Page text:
3. Thank you for your work in putting this together. For years, I was content with one or two inks, a blue and black. I now have a drawer full. Yes, some are more expensive than others, with prettier bottles (Iroshizuku and Graf von Faber-Castell for example) but when you spread the cost over a year, (even if you fill a pen about once a week from a 50ml bottle) the cost is not really significant. Also some very good inks are not expensive, such as Waterman. The more wasteful problem is buying things I do not use, or do not use enough.

    Liked by 2 people

    1. Definitely waste is a problem, and I have bought, say, a black ink in the past, found it isn’t quite wet enough, or not sufficiently water-resistant, and I’ve started using another instead. That is a big problem for me, but using a whole 80 or 90ml bottle? Nope, I can usually get through 90ml of a daily-use ink in about 6 months. I’m kind of hoping that’ll slow down a bit when the PhD finishes, but who knows?

      And yes, I am also erring toward the cheaper inks these days… I have a few Sailors in my drawer (as Willo has said, purely for their colors), but more Diamine and Noodler’s than anything else.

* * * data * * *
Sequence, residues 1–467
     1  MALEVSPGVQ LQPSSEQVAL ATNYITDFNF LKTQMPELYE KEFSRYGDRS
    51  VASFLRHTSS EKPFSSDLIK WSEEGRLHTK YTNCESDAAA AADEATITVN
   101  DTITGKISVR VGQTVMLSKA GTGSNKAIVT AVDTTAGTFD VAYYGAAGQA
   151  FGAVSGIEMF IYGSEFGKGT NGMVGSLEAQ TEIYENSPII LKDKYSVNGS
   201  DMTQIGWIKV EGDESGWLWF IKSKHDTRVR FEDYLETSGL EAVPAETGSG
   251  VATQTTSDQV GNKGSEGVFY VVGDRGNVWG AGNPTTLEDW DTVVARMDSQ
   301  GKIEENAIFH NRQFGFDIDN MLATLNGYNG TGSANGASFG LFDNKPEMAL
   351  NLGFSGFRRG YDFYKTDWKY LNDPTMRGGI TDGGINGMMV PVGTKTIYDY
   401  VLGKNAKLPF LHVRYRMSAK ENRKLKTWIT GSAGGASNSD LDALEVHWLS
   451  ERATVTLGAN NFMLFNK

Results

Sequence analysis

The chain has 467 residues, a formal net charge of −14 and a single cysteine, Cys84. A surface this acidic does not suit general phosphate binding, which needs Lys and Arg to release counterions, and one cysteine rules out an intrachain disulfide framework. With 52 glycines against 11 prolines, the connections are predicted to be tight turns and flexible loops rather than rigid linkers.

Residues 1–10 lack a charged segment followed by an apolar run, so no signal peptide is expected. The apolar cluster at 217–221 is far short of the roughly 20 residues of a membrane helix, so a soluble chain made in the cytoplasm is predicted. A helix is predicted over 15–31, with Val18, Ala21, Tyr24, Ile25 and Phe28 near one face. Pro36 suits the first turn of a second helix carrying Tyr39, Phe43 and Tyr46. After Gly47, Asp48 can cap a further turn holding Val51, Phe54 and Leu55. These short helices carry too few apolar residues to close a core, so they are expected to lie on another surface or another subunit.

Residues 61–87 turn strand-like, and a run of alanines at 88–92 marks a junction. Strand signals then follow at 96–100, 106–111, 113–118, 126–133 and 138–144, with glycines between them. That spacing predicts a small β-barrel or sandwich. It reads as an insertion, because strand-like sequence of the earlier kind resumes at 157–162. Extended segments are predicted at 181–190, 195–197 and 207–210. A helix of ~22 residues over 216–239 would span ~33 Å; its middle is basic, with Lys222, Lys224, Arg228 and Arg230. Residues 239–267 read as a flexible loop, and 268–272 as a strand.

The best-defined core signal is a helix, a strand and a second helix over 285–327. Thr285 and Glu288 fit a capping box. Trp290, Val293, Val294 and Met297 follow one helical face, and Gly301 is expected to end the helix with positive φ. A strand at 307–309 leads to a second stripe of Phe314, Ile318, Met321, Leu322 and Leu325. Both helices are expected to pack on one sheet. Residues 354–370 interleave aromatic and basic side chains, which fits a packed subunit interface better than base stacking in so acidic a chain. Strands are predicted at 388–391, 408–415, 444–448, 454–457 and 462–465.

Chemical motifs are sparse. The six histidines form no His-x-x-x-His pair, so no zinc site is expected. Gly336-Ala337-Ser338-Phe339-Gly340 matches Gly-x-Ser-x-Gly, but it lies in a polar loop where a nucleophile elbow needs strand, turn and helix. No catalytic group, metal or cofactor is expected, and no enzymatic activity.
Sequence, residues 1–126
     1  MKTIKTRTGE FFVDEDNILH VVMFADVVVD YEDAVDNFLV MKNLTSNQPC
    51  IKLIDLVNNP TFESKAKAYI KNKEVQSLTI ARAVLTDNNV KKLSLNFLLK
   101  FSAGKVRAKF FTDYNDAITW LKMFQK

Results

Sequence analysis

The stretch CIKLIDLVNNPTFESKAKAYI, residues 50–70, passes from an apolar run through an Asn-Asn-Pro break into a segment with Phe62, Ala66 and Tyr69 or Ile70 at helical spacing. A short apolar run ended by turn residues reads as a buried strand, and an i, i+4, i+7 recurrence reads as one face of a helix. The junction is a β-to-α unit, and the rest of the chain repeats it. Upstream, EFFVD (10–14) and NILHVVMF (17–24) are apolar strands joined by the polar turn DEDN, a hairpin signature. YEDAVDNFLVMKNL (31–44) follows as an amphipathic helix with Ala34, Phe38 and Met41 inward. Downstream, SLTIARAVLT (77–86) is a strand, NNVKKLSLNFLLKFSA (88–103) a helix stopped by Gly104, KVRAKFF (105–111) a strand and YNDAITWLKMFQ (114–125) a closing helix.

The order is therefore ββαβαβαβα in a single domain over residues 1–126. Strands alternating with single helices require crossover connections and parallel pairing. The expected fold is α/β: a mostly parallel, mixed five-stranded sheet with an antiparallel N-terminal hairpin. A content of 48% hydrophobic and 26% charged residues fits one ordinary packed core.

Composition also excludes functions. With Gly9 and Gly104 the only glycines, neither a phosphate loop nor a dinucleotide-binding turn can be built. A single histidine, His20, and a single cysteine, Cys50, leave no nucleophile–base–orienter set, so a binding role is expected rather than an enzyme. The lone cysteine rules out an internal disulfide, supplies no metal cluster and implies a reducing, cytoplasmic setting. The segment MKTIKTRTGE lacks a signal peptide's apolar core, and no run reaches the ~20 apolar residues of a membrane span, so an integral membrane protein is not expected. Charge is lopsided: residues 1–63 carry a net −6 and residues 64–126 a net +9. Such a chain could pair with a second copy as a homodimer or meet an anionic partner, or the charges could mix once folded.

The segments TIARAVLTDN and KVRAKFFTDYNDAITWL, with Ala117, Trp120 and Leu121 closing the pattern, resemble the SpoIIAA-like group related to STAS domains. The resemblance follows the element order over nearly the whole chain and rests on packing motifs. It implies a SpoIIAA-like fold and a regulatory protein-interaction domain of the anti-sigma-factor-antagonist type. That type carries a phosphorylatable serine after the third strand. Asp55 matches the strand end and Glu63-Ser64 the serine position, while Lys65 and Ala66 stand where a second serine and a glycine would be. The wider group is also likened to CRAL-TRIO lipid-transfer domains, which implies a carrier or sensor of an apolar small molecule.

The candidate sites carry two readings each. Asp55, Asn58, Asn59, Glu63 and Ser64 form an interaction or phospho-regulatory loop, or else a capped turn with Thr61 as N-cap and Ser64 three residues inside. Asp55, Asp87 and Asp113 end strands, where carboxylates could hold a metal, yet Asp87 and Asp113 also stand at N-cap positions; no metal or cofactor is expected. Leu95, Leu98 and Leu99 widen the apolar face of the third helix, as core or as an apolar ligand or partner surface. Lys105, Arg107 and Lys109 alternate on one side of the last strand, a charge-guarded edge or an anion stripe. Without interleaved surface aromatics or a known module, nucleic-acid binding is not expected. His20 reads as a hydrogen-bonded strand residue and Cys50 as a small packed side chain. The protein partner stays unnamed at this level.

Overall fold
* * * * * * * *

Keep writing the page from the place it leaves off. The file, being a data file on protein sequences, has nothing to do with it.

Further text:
Liked by 1 person

  4. I’ve actually been wrestling with a review — which I haven’t finished, for some weeks — of some inks that are at the upper end of the price scale per ml. I think we all value these things differently, and I hesitate to even appear to be dragging anyone else’s choices in buying ink. However, the reason I haven’t finished the ink review is that I can’t get past the price, and what I think the price represents, and the issues around the price that I perceive.

    I think raising prices and restricting supply is a smart strategy for a manufacturer of a luxury product, but I can’t help wishing so many companies weren’t trying to turn inks into a luxury product. I’ve never been anything close to a socialist, and never will be. But still I regret the change that’s taking place: I think it’s ultimately negative. I suspect that one reason I started my blog in the first place was to avoid the tulipmania kind of hype that I saw being developed online, quite deliberately, around certain brands. People’s search for indicators of status, belonging and primacy must be innate. I’m nonplussed that even those who’ve chosen to avoid all this can’t avoid dealing with the consequences, when we just want to buy a new bottle of ink.